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The Very Revd Robert MacCarthy, Easter Sunday 2011

April 26, 2011  Posted in: Sermons

There is a reading popular at funerals and memorial services ascribed to Henry Scott Holland, once a canon of St Paul’s, which proclaims that ‘death is nothing at all I have only slipped away into the next room’.  That is clearly nonsense and is moreover a misquotation of Scott Holland.

Christians sometimes think that death doesn’t really exist; that human beings just keep going in another realm and in another way.  But for all its popular appeal this isn’t a Christian position at all.

Death will come to all of us – it is a going into the dark, the end of all we know.  But what Easter proclaims is a God who has made me a unique person who is precious to him and who will not let me go – that I am called into a relationship with God which will extend beyond my death.

St Paul, who wrote before any of the gospel writers, says “all I know is Christ and the power of his risen life”.  The first Christians experience of Resurrection, the knowledge that Jesus Christ was in their midst and a life-giving spirit created the church – there would be no christianity, no St Patrick’s Cathedral without that.  God in Christ makes us re-think who we are and what our ultimate end is to be.  For as St Paul puts it “if anyone is united to Christ, there is a new creation”.  This new creation is a life-changing as the original creation of the world.  And this new kind of life is called “eternal”.  It begins here and now and is measured not by time, but by who we are, not by what we do.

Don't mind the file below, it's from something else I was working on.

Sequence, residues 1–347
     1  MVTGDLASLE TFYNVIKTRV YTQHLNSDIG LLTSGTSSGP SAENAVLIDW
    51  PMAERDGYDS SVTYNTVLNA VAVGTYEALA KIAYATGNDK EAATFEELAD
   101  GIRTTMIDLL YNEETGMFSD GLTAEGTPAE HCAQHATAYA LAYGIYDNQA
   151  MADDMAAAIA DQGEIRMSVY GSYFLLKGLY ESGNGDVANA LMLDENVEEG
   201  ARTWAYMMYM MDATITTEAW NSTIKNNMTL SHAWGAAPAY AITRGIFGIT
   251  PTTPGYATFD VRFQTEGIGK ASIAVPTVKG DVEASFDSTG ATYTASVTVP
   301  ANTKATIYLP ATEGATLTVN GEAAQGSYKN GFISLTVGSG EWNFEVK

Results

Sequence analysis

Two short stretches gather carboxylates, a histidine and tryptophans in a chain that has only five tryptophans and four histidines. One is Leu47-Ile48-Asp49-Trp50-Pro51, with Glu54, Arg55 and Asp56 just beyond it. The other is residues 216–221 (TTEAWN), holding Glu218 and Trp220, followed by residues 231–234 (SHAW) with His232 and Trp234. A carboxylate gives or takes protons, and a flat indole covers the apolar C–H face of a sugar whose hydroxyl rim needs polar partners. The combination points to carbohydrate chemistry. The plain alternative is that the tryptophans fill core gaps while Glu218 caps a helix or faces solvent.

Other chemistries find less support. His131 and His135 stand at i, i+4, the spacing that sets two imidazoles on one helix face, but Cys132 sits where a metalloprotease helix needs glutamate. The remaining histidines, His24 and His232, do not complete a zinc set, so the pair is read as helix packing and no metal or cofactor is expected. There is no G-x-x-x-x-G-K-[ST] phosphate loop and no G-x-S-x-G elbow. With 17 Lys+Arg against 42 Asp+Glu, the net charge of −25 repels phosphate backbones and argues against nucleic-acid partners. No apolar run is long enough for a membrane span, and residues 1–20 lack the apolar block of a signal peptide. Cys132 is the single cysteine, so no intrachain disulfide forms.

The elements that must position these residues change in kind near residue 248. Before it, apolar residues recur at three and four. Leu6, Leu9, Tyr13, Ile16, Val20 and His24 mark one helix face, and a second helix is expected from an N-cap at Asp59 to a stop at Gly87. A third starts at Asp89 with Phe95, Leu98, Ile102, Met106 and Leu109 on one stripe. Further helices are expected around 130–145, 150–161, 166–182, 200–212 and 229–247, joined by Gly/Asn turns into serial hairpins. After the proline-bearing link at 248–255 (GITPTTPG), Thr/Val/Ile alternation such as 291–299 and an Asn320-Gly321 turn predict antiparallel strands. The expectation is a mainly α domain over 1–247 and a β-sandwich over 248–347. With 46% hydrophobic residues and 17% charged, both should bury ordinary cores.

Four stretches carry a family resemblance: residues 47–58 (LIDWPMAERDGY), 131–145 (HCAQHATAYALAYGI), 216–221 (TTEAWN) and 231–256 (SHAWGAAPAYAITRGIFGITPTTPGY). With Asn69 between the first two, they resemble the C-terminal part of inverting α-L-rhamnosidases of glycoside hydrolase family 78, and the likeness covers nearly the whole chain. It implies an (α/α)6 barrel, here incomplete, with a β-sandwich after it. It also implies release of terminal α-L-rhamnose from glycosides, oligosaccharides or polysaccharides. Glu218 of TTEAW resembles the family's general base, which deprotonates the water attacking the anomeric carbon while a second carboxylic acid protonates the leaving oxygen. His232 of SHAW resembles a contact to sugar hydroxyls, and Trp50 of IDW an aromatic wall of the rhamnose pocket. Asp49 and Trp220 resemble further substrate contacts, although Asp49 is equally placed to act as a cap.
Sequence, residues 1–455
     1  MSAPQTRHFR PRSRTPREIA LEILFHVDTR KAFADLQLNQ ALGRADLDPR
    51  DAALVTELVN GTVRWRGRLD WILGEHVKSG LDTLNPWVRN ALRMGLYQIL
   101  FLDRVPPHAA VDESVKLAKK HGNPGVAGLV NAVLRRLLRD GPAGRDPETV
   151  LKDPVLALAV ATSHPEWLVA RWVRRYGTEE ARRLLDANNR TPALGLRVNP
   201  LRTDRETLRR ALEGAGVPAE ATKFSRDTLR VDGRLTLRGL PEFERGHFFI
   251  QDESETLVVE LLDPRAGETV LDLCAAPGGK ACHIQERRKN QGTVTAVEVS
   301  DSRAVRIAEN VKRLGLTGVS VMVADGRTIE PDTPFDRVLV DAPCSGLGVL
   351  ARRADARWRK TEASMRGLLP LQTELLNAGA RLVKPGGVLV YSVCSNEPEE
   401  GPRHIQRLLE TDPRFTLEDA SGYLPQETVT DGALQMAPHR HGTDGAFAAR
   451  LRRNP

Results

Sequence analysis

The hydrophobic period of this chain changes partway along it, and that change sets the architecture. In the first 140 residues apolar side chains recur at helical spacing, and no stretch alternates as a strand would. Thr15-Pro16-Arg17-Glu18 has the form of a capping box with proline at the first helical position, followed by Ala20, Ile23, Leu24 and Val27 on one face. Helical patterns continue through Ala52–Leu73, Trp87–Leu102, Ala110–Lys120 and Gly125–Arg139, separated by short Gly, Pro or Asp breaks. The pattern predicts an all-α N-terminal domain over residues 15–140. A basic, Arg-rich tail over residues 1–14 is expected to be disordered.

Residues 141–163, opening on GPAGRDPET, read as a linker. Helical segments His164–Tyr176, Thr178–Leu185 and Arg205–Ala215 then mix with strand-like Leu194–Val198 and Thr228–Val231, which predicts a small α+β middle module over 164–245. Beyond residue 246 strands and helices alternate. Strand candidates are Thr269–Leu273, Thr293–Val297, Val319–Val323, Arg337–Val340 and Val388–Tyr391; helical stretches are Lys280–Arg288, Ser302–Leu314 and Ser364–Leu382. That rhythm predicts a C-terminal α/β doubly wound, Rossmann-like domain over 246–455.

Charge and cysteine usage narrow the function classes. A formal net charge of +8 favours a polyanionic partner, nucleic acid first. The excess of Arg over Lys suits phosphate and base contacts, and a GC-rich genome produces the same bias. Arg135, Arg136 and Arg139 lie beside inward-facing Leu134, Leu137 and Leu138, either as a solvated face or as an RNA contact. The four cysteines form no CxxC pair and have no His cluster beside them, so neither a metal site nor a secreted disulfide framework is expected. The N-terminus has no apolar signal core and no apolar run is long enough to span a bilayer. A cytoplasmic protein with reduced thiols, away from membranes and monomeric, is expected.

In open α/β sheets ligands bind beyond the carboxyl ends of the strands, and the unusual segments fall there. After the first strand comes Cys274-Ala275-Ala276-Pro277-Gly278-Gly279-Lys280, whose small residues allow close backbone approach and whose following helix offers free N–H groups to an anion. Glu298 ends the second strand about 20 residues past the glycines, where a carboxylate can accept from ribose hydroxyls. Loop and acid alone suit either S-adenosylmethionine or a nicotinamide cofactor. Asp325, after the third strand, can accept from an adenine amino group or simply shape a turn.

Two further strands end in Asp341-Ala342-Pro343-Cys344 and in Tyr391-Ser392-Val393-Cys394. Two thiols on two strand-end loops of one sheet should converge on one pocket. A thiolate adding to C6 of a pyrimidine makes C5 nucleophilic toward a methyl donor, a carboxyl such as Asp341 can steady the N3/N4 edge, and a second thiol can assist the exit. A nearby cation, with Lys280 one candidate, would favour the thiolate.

And so it’s futile to speculate about life after death or the unimaginable life of heaven:  it’s also unnecessary.  For being a Christian isn’t about earning our place in heaven or avoiding that ultimate loneliness that is hell.  It’s about responding to the Christ-like God revealed by Jesus, and so discovering the God in whose likeness we are made and whose life is within us all.  And it’s about entering into a relationship of love and trust of such a quality that nothing has the power to destroy it.  That alone rings true, as we reflect on the meaning and mystery of our life and death, rings true to the promises of Jesus; rings true to everything we know about the nature of life and rings true to our own experience of living and being loved.  In Jesus, God does just that.

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